Unbeaten in their opening five fixtures Everton look a very different proposition under Ronald Koeman. Stephen Tudor wonders how far the transformation can take them...
"This past week has seen two of Everton’s most seasoned professionals – Phil Jagielka and Gareth Barry – candidly admit that the new strict approach and exacting standards was long overdue and is reaping rewards."
There are several reasons why Roberto Martinez's three year stint at Goodison Park will ultimately be regarded as a failure but perhaps it is redundant now to retrace the steps. With a new owner and the financial clout he brings and a coach in Ronald Koeman who is well on his way to revitalising their fortunes on the pitch, this is a club heading forward at full tilt. A team very much on the up. Why then look back?
Because the contrast between the Everton of then and now is pertinent and especially so when it's acknowledged that we're really only talking about a summer's worth of friendlies and five league games.
With that in mind the turnaround has been nothing short of remarkable.
Koeman of course deserves the bulk of the credit, a coach who shares the same affable demeanour as his predecessor but with a forthright edge to call it like it is. Last season was frustrating enough for Evertonians and they didn't deserve their manager repeatedly insulting their intelligence and claiming all was well. The potential of the squad was 'huge'. They were 'close'. They were always close even when a slew of post-Christmas defeats left them languishing in midtable.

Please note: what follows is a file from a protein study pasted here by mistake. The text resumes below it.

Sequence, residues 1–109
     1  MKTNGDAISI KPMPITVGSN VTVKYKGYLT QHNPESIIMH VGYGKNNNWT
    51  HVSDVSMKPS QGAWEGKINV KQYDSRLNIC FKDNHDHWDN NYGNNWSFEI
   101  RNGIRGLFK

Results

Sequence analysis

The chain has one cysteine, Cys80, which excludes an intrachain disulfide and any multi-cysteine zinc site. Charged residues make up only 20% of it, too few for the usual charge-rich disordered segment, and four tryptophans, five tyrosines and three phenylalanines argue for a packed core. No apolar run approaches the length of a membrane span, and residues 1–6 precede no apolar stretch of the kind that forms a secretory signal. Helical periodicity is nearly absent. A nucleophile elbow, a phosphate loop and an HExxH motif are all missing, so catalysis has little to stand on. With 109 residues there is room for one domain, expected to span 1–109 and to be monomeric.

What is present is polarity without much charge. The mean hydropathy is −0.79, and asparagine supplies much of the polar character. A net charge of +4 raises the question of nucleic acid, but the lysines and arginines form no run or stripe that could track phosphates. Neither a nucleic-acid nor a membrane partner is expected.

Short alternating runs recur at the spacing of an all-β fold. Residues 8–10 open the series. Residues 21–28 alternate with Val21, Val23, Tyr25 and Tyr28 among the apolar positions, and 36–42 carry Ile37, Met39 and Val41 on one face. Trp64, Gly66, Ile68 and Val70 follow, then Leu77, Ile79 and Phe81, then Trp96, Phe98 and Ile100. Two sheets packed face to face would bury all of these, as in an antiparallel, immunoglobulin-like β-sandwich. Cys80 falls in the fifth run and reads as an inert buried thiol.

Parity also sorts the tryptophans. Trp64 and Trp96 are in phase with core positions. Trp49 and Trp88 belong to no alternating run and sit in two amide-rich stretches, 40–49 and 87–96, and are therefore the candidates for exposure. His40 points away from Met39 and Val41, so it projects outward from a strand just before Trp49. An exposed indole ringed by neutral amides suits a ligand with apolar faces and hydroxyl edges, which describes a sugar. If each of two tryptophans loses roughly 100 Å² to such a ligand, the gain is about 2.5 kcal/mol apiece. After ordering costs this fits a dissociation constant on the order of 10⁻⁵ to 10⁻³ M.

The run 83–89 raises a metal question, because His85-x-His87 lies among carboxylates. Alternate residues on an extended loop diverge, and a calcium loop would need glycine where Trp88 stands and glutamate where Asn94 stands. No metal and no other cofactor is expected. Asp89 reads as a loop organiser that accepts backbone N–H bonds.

Should Everton stumble from their present lofty league standing and impressive form you feel the 53-year-old Dutchman would publicly air his grievances and demand an immediate reaction from his men. No excuses, no denials of under-achievement, and certainly no comforting arm around a shoulder. We have already seen this uncompromising insistence for improvement in full effect with Koeman's handling of his talented, but too often ineffectual, midfielder Ross Barkley. Hauling off the England international at half-time against Sunderland and strongly criticising his performance is an example of tough love unimaginable under Martinez. This partly explains why the gifted 22-year-old coasted throughout much of last season whereas against Middlesbrough at the weekend, with a fire lit under his ego, he was brilliant.
This past week has seen two of Everton's most seasoned professionals - Phil Jagielka and Gareth Barry - candidly admit that the new strict approach and exacting standards was long overdue and is reaping rewards. Jagielka revealed there is now fear among the players for their starting places while Barry delved further and professed that last season even the fundamentals such as time-keeping and dress codes slipped. Those days of three-quarter measures are gone. At Everton's training facility at Finch Farm recently Kevin Mirallas was instructed to carry a six kilogram weight on his back to illustrate how difficult it was to sprint to full speed. It represented the weight he had lost in the first few weeks of Koeman's regime.